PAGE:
WASHINGTON -- House Democratic leaders slammed the National Rifle Association and its CEO Wayne LaPierre on Friday for making remarks that “just don’t make sense” in response to the mass shooting at Sandy Hook Elementary School in Newtown, Conn.
“I do not believe those remarks represent anywhere near a significant portion of America,” said House Minority Whip Rep. Steny Hoyer (D-Md.). “I don’t believe frankly that they represent necessarily the majority of views of responsible members of the National Rifle Association.”
Hoyer also characterized as "unfortunate" LaPierre’s highly-anticipated statement made earlier in the day, in which LaPierre called for armed guards in schools throughout the country to prevent such an incident from happening again. It was the first time the NRA had publicly commented on last Friday’s tragic shooting, which left 26 dead, including 20 children.
"The recommendation of an arms escalation in America is not the solution," Hoyer said.
Rep. Joe Crowley (D-N.Y.) said he found the NRA’s suggestion, which has been widely criticized among politicians, to be built on an “incredibly false notion.”
“The way the NRA is approaching this now is irrational,” Crowley said. “I think the American people understand that. The people were expecting a completely different response, and what we’re looking for from the NRA is a more collaborative approach -- what can you bring [and] what can you talk about today that can help us move the country forward? That was not done today by that press conference.”
House Minority Leader Nancy Pelosi (D-Calif.) said she had not seen the full NRA remarks, but criticized LaPierre for placing the blame for what transpired in Newtown on the mentally ill.
“For the NRA and others to sort of shield themselves by saying it’s the mentally ill or something and therefore we have to have more armed cops in the schools or more guns in the school -- it just doesn’t make sense,” Pelosi said. While mental health services should be addressed, she added, there must be a concerted effort to reduce violence -- which is not committed by the majority of people diagnosed with mental illness.
“You’ve got to get rid of these high-performance guns -- or magazines,” Pelosi said, pointing to legislation supported by over 130 House Democrats that would prohibit the manufacturing of high-capacity magazines. “Whatever you want to call it, they’re very, very dangerous," she said.
Pelosi then brought up a tweet from Rep. Chris Murphy (D-Conn.), who represents Newtown and has been busy attending funerals in his district: “Walking out of another funeral and was handed the NRA transcript. The most revolting, tone deaf statement I've ever seen.” Pelosi read the tweet twice before exiting the press conference.
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Sen. Barbara Boxer (D-Calif.)
“The head of the NRA blamed everyone in sight – except his own organization – for gun violence in America, and showed himself to be completely out of touch by ignoring the proliferation of weapons of war on our streets. “The NRA is now calling for stronger security at our schools. They should endorse my legislation, which would fund security upgrades for schools and trained law enforcement personnel to protect our kids. “In the day ahead, I will work for a comprehensive strategy, which includes sensible gun laws, a focus on mental health and school safety.”
“The NRA’s Washington leadership has long been out of step with its members, and never has that been so apparent as this morning. Their press conference was a shameful evasion of the crisis facing our country. Instead of offering solutions to a problem they have helped create, they offered a paranoid, dystopian vision of a more dangerous and violent America where everyone is armed and no place is safe. Leadership is about taking responsibility, especially in times of crisis. Today the NRA’s lobbyists blamed everyone but themselves for the crisis of gun violence. While they promote armed guards, they continue to oppose the most basic and common sense steps we can take to save lives - not only in schools, but in our movie theaters, malls, and streets. Enough. As a country, we must rise above special interest politics. Every day, 34 Americans are murdered with guns. That’s why 74 percent of NRA members support common sense restrictions like criminal background checks for anyone buying a gun. It is time for Americans who care about the Second Amendment and reasonable gun restrictions to join together to work with the President and Congress to stop the gun violence in this country. Demand a plan.”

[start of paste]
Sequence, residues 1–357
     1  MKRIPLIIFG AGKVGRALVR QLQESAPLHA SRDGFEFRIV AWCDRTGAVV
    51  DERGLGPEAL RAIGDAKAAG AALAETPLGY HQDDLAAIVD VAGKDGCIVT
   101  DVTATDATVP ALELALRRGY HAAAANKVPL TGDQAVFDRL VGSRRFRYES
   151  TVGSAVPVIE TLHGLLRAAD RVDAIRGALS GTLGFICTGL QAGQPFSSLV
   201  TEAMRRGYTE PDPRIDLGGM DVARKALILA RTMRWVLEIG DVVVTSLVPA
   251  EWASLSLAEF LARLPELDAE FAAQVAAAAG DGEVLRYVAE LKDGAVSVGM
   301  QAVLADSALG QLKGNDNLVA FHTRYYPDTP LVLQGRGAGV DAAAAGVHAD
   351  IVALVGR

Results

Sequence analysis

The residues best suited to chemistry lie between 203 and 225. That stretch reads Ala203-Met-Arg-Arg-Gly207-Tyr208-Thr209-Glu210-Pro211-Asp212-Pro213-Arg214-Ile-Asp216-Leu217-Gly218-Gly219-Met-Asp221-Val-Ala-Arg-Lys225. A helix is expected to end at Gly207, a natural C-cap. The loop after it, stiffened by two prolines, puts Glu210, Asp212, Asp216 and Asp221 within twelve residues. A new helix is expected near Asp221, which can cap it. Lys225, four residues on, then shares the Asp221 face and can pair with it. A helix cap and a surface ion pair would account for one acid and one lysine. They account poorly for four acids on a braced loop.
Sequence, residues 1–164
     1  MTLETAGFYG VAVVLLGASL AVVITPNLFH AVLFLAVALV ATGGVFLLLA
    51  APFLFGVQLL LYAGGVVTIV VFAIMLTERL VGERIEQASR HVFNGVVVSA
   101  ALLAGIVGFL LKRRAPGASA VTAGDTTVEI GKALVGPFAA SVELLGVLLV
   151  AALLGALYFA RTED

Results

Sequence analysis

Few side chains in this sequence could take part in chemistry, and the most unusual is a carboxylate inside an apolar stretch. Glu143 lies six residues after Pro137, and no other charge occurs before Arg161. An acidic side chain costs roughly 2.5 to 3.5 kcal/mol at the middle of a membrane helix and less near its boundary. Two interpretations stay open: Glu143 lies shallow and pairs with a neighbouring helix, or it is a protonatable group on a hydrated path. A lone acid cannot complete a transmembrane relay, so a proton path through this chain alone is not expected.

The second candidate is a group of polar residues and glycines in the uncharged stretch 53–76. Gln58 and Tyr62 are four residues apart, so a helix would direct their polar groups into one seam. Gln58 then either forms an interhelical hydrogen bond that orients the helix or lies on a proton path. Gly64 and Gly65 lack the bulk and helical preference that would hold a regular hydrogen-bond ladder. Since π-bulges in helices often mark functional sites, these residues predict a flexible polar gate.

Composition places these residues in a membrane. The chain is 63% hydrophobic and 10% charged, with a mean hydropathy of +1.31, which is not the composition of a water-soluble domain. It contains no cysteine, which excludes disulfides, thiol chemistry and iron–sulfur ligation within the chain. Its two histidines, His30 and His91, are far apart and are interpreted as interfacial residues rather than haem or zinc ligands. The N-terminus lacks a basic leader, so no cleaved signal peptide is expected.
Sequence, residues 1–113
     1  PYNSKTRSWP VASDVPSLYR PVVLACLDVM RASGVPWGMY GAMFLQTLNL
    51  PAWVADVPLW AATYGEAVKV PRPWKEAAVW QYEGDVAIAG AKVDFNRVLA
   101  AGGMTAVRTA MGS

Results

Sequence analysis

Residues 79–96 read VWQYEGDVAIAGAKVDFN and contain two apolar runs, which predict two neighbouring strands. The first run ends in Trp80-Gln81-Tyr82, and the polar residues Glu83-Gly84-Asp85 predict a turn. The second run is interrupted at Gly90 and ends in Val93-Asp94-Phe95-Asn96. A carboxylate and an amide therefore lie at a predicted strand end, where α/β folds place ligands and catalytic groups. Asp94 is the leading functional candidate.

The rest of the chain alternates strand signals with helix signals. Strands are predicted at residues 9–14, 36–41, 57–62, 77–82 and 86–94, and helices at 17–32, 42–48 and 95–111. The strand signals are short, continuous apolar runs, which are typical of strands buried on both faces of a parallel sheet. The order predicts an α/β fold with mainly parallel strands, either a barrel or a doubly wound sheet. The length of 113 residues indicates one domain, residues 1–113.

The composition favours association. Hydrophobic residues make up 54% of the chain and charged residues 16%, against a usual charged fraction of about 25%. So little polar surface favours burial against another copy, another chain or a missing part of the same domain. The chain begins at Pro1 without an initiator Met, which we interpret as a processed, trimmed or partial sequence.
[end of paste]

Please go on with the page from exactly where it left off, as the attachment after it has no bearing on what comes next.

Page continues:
Rep. Mike Thompson (D-Calif.)
“Everyone agrees our schools, movie theaters shopping malls, streets and communities need to be safer. But we need a comprehensive approach that goes beyond just arming more people with more guns to make this happen. “Closing holes in our mental health system, addressing our culture’s glorification of violence, improving background checks for everyone who buys firearms, and reinstating the ban on assault weapons and assault magazines all must be part of a comprehensive approach to reduce and prevent gun violence.”
Sen. Frank Lautenberg (D-N.J.)
“It is beyond belief that following the Newtown tragedy, the National Rifle Association’s leaders want to fill our communities with guns and arm more Americans. The NRA points the finger of blame everywhere and anywhere it can, but they cannot escape the devastating effects of their reckless comments and irresponsible lobbying tactics. The NRA leadership is wildly out of touch with its own members, responsible gun owners, and the American public who want to close dangerous loopholes and enact common-sense gun safety reform. It is clear that their real priority is to help gun manufacturers sell more guns—not to protect our children or Americans’ rights. The extreme rhetoric of Wayne LaPierre and the NRA is disturbing and dangerous, and will only exacerbate America’s deadly culture of gun violence."
Sen.-elect Chris Murphy (D-Conn.)
Rep. Jim Moran (D-Va.)